patchbot at xen
Aug 1, 2012, 2:11 PM
Post #1 of 1
# HG changeset patch
[xen-unstable] Some automatic NUMA placement documentation
# User Dario Faggioli <dario.faggioli [at] citrix>
# Date 1343821606 -3600
# Node ID f4b5a21f93add32ff66494ed2a8605abbabec309
# Parent cf0e661cb321b1c898c9008dc17ba21db434c976
Some automatic NUMA placement documentation
About rationale, usage and (some small bits of) API.
Signed-off-by: Dario Faggioli <dario.faggioli [at] citrix>
Acked-by: Ian Campbell <ian.campbell [at] citrix>
Committed-by: Ian Campbell <ian.campbell [at] citrix>
diff -r cf0e661cb321 -r f4b5a21f93ad docs/misc/xl-numa-placement.markdown
--- /dev/null Thu Jan 01 00:00:00 1970 +0000
+++ b/docs/misc/xl-numa-placement.markdown Wed Aug 01 12:46:46 2012 +0100
@@ -0,0 +1,111 @@
+# Guest Automatic NUMA Placement in libxl and xl #
+## Rationale ##
+NUMA (which stands for Non-Uniform Memory Access) means that the memory
+accessing times of a program running on a CPU depends on the relative
+distance between that CPU and that memory. In fact, most of the NUMA
+systems are built in such a way that each processor has its local memory,
+on which it can operate very fast. On the other hand, getting and storing
+data from and on remote memory (that is, memory local to some other processor)
+is quite more complex and slow. On these machines, a NUMA node is usually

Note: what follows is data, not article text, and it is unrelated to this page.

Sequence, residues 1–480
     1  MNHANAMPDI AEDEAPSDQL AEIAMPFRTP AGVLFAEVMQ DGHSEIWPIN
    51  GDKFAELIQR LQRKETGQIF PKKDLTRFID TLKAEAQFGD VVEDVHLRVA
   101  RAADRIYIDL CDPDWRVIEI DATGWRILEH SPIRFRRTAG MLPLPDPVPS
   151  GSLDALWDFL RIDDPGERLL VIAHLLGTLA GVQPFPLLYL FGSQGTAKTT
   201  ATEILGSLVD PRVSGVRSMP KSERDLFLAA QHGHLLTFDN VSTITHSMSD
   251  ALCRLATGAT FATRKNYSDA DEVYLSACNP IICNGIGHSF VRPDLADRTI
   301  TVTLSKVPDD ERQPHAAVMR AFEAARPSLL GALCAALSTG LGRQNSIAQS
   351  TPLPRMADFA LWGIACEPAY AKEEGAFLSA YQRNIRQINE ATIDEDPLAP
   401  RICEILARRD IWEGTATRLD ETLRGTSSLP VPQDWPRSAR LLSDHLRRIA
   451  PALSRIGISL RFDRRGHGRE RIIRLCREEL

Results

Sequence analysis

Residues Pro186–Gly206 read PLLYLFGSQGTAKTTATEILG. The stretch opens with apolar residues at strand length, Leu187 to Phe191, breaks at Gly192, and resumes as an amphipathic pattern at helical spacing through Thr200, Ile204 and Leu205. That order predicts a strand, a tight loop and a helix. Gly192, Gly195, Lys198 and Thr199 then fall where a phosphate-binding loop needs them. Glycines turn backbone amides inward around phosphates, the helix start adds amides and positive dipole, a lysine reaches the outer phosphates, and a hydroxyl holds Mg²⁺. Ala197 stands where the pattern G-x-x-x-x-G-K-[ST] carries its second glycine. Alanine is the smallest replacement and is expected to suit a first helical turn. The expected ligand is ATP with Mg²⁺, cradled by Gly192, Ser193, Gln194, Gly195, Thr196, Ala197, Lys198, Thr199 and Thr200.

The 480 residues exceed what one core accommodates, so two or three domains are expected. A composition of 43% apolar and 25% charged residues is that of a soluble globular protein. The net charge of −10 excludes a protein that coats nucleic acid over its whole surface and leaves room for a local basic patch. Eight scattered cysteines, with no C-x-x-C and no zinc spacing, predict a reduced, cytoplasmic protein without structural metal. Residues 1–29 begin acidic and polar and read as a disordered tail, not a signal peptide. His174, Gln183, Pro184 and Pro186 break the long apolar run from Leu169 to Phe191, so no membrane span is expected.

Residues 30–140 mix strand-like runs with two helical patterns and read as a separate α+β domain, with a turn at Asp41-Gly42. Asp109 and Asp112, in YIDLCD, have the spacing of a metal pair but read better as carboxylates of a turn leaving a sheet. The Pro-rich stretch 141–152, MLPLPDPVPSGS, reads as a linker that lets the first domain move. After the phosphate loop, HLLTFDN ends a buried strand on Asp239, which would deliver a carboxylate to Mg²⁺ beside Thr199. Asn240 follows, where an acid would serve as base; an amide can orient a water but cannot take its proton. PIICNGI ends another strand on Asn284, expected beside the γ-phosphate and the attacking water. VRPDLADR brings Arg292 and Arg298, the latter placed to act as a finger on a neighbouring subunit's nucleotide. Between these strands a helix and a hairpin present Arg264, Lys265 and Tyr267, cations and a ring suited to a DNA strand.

+defined as a set of processor cores (typically a physical CPU package) and
+the memory directly attached to the set of cores.
+The Xen hypervisor deals with NUMA machines by assigning to each domain
+a "node affinity", i.e., a set of NUMA nodes of the host from which they
+get their memory allocated.
+NUMA awareness becomes very important as soon as many domains start
+running memory-intensive workloads on a shared host. In fact, the cost
+of accessing non node-local memory locations is very high, and the
+performance degradation is likely to be noticeable.
+## Guest Placement in xl ##
+If using xl for creating and managing guests, it is very easy to ask for
+both manual or automatic placement of them across the host's NUMA nodes.
+Note that xm/xend does the very same thing, the only differences residing
+in the details of the heuristics adopted for the placement (see below).
+### Manual Guest Placement with xl ###
+Thanks to the "cpus=" option, it is possible to specify where a domain
+should be created and scheduled on, directly in its config file. This
+affects NUMA placement and memory accesses as the hypervisor constructs
+the node affinity of a VM basing right on its CPU affinity when it is
+This is very simple and effective, but requires the user/system
+administrator to explicitly specify affinities for each and every domain,
+or Xen won't be able to guarantee the locality for their memory accesses.
+It is also possible to deal with NUMA by partitioning the system using
+cpupools. Again, this could be "The Right Answer" for many needs and
+occasions, but has to be carefully considered and setup by hand.
+### Automatic Guest Placement with xl ###